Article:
In what can only be optimistically labeled a mistake, Evan’s ashes ended up being scattered in a bucket fountain in Wellington, New Zealand. Though Evan spent the next ten months attempting to discern exactly how such a mistake had been made (his remains should have been shipped back to his native Michigan), there was no avoiding the fact Evan’s spirit was now trapped along a busy road called Cuba Street.
It took him around a month to understand he was dead, and another few months to understand that he was not in heaven; he hadn’t even left Earth yet. He wasn’t in his hometown of Tecumseh, Michigan, however. For whatever reason, his spirit was in a part of New Zealand Evan hadn’t even visited during his backpacking adventures.
The other two spirits wandering the street proved disinterested in his company, nor were they up for answering any questions he had. Their eyes almost seemed glazed over as they dragged their souls up one side of the street and down the other, and he often wondered if the two spirits even heard him.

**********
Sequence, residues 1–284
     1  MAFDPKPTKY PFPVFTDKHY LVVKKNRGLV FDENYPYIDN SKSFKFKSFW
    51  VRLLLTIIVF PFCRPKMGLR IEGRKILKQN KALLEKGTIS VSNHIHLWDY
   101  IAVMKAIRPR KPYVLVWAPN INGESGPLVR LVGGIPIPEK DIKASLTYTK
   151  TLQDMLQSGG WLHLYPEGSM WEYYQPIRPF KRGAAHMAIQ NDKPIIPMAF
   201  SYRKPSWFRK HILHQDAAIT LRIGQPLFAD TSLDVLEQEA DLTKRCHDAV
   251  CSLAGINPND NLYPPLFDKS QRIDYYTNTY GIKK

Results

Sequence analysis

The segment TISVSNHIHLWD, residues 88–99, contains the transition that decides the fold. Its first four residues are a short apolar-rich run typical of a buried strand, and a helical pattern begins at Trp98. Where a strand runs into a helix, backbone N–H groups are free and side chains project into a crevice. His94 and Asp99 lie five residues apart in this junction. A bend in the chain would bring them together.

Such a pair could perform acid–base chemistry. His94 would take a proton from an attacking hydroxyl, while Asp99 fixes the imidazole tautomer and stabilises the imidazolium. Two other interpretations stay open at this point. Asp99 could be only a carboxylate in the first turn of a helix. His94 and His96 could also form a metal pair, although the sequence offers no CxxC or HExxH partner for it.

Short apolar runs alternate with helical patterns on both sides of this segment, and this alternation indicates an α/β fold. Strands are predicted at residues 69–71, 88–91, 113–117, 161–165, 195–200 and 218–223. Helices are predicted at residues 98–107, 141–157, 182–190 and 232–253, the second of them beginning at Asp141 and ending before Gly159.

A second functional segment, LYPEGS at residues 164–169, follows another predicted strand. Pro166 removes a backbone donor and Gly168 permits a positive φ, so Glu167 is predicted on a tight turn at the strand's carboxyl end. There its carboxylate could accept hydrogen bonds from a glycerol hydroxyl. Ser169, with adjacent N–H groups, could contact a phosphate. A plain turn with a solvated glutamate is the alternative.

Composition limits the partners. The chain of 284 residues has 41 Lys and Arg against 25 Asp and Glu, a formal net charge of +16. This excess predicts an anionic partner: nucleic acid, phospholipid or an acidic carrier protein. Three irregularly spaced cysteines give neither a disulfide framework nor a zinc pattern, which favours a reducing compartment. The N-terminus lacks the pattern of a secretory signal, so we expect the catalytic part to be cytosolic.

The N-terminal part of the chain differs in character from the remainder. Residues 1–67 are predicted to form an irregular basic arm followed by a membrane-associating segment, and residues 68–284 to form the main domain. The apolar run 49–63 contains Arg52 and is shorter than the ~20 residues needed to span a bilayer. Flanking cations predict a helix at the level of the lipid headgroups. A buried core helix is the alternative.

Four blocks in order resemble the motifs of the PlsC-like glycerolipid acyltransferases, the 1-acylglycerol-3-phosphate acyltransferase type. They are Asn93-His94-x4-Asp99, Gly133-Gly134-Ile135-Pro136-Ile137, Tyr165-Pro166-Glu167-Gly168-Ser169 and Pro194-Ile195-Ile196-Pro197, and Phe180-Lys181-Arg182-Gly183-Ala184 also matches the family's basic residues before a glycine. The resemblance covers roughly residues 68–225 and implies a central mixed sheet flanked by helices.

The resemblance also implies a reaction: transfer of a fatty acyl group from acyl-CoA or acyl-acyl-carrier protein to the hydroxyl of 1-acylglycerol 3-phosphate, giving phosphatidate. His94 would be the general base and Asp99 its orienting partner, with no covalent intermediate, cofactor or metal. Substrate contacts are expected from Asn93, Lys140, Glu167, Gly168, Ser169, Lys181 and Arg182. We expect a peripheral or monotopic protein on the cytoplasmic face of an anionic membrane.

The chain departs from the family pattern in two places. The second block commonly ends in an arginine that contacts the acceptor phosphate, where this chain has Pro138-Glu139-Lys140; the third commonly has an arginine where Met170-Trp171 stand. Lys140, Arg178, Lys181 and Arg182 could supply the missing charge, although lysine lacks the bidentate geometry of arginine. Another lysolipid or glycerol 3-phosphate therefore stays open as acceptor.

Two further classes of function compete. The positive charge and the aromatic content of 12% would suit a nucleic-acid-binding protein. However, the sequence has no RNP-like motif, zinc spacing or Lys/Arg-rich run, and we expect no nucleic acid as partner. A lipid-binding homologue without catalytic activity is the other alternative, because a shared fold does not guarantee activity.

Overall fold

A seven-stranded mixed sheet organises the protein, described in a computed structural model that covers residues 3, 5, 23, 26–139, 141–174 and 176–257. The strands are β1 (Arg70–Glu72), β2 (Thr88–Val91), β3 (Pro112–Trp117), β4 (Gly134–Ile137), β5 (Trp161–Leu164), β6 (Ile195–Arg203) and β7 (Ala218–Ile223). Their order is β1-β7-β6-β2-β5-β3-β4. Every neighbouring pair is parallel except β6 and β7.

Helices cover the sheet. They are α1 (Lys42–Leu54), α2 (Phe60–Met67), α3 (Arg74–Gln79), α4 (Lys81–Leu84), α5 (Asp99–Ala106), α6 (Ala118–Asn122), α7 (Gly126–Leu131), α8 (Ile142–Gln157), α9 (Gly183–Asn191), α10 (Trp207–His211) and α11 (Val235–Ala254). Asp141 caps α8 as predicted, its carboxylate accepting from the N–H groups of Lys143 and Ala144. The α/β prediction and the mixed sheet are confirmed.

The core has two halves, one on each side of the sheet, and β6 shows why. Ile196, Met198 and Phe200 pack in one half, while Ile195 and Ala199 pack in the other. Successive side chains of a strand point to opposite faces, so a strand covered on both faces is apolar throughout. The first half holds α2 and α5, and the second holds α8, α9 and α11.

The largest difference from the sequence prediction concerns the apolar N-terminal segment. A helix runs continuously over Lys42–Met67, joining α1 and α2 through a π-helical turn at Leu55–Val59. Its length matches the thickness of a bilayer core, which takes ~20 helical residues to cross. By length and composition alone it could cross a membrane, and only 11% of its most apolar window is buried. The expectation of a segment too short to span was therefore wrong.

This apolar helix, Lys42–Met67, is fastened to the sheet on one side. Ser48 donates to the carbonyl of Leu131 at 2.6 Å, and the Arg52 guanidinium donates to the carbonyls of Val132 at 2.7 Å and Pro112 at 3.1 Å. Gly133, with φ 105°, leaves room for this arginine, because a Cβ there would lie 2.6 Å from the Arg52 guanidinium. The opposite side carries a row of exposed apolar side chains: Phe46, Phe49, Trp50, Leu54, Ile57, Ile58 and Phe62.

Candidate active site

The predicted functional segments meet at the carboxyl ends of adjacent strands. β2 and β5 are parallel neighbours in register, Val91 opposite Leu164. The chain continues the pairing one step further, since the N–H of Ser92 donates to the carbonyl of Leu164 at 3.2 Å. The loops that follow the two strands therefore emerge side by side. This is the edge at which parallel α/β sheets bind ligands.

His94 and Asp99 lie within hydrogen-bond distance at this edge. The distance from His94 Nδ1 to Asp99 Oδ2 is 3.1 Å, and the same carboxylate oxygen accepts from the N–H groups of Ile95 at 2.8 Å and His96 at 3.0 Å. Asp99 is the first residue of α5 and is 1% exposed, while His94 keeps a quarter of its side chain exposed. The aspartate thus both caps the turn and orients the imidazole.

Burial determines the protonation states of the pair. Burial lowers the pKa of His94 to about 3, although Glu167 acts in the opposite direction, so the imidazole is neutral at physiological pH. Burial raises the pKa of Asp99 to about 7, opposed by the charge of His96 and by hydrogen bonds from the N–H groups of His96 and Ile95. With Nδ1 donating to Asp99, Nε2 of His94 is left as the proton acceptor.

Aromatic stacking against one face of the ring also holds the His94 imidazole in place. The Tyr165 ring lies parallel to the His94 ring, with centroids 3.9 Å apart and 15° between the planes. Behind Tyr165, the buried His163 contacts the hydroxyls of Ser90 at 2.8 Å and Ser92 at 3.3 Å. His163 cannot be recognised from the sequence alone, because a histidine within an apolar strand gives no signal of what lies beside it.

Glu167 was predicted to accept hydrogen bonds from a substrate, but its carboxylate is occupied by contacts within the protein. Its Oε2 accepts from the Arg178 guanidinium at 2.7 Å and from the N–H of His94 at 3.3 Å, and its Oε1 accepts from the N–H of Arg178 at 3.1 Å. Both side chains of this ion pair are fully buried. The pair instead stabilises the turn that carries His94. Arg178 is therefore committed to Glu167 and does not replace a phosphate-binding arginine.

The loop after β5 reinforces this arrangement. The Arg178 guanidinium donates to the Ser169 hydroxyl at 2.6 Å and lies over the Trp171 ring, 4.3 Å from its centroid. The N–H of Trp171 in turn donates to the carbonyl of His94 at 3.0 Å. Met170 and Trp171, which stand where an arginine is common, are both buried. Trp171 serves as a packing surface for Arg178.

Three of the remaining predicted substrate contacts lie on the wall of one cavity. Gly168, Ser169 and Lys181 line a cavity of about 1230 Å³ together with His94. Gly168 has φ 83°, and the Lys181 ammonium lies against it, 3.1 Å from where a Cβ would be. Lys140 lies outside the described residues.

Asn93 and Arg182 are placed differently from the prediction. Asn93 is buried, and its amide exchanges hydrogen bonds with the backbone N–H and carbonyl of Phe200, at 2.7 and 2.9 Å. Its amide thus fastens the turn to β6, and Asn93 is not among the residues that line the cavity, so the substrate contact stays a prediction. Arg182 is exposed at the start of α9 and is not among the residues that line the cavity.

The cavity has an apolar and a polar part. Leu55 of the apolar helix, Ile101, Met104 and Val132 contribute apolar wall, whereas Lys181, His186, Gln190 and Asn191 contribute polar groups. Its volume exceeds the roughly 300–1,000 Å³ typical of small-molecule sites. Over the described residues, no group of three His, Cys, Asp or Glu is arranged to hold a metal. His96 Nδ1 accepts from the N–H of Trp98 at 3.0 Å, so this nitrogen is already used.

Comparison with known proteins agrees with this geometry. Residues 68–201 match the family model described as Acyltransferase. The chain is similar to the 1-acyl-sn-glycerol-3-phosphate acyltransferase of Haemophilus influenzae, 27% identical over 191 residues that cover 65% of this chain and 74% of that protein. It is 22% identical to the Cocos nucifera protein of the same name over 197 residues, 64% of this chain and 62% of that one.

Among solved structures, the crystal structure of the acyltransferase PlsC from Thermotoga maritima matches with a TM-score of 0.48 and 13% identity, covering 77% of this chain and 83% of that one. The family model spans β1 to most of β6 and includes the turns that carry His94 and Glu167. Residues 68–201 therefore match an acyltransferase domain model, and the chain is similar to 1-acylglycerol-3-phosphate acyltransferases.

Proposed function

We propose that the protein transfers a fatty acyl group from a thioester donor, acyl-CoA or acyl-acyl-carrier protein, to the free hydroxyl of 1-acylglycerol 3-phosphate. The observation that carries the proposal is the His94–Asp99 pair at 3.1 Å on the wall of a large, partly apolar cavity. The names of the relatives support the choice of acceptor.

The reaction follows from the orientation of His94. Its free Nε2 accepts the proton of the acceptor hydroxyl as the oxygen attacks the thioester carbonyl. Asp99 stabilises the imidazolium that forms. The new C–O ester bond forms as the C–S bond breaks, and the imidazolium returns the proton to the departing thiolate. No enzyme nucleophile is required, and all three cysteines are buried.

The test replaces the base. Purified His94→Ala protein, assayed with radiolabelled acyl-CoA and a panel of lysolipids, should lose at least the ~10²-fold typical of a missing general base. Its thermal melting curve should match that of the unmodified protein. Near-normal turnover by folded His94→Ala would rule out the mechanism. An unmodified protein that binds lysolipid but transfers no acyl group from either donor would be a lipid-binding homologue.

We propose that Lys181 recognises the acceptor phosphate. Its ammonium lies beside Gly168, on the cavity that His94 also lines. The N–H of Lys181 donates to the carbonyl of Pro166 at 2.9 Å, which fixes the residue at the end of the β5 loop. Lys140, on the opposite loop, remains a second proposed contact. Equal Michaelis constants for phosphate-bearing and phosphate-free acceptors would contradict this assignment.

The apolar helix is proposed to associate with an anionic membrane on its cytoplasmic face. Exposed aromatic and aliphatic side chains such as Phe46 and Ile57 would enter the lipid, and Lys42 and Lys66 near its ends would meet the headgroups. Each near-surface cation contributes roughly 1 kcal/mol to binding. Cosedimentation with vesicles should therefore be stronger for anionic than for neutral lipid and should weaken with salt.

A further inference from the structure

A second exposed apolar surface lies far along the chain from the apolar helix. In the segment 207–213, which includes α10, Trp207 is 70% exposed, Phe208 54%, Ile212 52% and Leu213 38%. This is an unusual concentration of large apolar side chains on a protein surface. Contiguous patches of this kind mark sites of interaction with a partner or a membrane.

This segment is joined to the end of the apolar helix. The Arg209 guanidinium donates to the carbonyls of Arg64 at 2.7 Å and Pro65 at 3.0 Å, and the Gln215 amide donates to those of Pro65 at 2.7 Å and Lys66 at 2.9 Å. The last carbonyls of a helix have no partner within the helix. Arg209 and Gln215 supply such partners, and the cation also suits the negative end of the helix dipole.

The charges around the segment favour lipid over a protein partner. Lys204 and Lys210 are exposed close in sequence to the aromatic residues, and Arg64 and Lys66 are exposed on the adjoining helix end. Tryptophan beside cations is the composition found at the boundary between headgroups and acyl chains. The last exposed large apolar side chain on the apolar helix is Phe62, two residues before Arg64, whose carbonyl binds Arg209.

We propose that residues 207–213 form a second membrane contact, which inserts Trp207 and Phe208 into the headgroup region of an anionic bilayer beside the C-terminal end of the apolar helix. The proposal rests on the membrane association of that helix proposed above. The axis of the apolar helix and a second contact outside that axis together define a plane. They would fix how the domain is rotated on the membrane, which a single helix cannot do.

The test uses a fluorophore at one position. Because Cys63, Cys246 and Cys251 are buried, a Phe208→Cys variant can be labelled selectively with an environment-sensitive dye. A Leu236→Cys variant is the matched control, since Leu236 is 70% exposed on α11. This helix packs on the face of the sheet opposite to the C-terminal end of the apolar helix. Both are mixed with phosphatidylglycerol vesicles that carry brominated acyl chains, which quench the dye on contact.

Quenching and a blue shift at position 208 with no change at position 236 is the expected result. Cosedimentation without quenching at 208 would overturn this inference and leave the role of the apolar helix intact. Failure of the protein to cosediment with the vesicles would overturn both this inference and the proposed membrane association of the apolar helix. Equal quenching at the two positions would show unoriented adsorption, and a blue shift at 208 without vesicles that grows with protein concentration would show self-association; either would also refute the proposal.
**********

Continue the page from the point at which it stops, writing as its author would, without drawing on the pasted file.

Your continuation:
Any attempt to leave the street was met with a sort of barrier that pushed Evan right back onto the street. His record in the eleven months since his untimely death was two meters, before being shoved back into a record store or into yet another trendy restaurant.
While the two spirits ignored him, Evan took to studying them mostly out of desperation and boredom. Despite being seemingly oblivious to their surroundings, they were clearly searching for something, he thought. Every now and then, maybe once every week, their eyes would suddenly snap to someone living who was walking on the street. It was always for a few seconds, always with a different person. A few seconds and the spirits—maybe one had been a woman, maybe one a little girl—would go back to their aimless wandering. The two spirits reminded Evan of a nursing home he had visited before his great-grandmother had died. He had seen quite a few people in the home with the same apathetic eyes as they had also wandered with abandon.